Copyright on data sources


#1

The data I am looking at (history house prices) are part of a personal website accompanying a book published earlier.

What about IP / copyright? I guess I need to check with the author and his publisher if I can copy his dataset (regulary) and publish it slightly modified on okfn.org.

Do you have templates for this? I guess if we integrate a link to his original data it is in the authors interest to do this.
What’s the best approach?


#2

This is a great question. You should definitely try to work out how the data is licensed (if at all) and especially if the data is open data. You should then record this info in the a License section of the README and use this, if relevant, to inform the license choice for the data package.

As a nice example you can see http://data.okfn.org/data/core/country-list


#3

The open data definition unfortunately does not even touch copyright questions, and seems to mainly refer to the packages after publishing them on okfn, not the source data.

As the data that would be the source for historic housing prices is not marked as ‘GPL’ or free to use, it is copyright protected by default - like most sources will be.

The source does not mention GPL or free to use, so we should close this, correct?


#4

@andreas there is an important subtlety here in that there are 2 “layers” of potential rights:

  1. there are (possibly) rights in the source data (but there may well not be due to the size of the dataset etc).
  2. there are (possibly) separate (database) rights in the collection you create

The question of whether there are rights is a question about “rights” in databases and is reasonably complex - see http://opendefinition.org/guide/data/ for much more on this.

My point here is that you can apply a license (e.g. PDDL) to DB licensing any rights arising from (2) and note in the License section of the README that this the license you have applied on assumption that there are no rights arising in (1). If there are, then obviously you are in no position to license them and in that case the selected license will not apply to the dataset as a whole but only to the rights you have as data packager.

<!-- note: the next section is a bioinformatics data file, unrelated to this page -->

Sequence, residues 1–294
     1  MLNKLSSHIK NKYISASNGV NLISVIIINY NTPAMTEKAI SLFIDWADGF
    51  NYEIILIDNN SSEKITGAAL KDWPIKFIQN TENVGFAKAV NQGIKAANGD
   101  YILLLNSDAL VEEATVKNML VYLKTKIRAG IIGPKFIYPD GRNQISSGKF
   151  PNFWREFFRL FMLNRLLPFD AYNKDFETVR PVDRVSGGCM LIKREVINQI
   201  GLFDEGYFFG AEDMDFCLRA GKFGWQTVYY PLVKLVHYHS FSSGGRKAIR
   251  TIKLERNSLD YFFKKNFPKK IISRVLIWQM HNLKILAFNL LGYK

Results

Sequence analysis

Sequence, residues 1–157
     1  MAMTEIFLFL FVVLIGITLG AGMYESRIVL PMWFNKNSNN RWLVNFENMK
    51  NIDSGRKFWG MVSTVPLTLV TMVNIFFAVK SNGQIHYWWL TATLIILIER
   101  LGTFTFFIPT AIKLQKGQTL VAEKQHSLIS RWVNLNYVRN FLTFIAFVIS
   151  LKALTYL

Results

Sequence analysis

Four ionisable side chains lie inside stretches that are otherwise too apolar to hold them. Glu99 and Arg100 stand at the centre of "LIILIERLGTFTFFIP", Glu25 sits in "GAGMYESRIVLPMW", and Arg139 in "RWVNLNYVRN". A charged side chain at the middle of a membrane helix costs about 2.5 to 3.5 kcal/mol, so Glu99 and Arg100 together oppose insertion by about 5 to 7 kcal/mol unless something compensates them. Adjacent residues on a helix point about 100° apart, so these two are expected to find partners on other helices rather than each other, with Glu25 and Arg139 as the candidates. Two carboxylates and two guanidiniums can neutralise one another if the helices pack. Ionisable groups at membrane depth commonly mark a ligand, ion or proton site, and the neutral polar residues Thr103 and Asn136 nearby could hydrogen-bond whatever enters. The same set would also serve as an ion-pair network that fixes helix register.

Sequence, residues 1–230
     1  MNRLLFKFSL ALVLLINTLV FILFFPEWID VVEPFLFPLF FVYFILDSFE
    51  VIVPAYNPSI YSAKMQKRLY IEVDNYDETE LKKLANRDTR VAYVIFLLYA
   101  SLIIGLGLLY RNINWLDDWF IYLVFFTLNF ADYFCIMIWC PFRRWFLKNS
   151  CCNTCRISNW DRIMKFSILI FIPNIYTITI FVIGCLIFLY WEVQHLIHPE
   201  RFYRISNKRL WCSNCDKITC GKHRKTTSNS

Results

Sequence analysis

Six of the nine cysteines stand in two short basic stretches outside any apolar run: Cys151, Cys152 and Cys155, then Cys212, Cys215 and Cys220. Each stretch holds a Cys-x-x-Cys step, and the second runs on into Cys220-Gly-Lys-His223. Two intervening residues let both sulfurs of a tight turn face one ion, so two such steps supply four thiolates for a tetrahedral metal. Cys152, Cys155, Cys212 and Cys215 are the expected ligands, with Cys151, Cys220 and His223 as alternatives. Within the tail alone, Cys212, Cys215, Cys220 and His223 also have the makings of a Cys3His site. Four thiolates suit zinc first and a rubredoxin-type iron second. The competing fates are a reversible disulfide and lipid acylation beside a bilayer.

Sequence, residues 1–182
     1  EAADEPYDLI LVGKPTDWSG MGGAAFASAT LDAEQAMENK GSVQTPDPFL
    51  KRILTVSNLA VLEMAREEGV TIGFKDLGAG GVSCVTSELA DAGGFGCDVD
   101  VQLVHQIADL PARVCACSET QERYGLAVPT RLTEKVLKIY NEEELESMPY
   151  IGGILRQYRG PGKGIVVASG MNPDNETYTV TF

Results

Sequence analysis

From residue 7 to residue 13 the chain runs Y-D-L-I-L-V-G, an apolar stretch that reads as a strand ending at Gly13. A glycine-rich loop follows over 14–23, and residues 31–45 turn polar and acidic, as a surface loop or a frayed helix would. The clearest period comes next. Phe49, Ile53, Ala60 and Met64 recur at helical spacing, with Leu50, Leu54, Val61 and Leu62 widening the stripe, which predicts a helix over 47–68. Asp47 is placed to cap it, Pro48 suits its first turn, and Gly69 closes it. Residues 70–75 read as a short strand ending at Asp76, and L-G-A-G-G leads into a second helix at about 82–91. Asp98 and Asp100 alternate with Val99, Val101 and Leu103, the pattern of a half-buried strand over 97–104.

#5

Yes, that is what I was referring to.

In regards to the information source: When you refer to size of datasets, for example, can you elaborate that? My understanding so far was if the creation of anything requires significant effort, then it is automatically copyright protected. So the size of the dataset does not matter as much as the complexity to generate it.

Am I mistaken?
Is there a list, reference, rule of thumb, something to read when copyrights might NOT exist?


#6

@andreas you are right that it is not simple size but often some other measure of effort or originality that matters. Given that we are not lawyers (and even if we were we probably wouldn’t know for sure) I’d suggest we choose for the license field the license we can apply (and would choose) and note very clearly in the README if we are unsure about the underlying rights in the data (e.g. there is no clear license and there may be rights etc).

There are some obvious data sources (e.g. US Federal data) where we can be pretty confident data is in the public domain and can note that in the license section of the README (general point: explain our view in the README so users are clear on where they stand).


#7

When its mentioned, we can be sure, agreed. The other case I don’t follow you, because just mentioning that the copyright’s not clear won’t release you of anything when you publish the data.

I’ll see if I can find a dataset that states that it is GPL / open.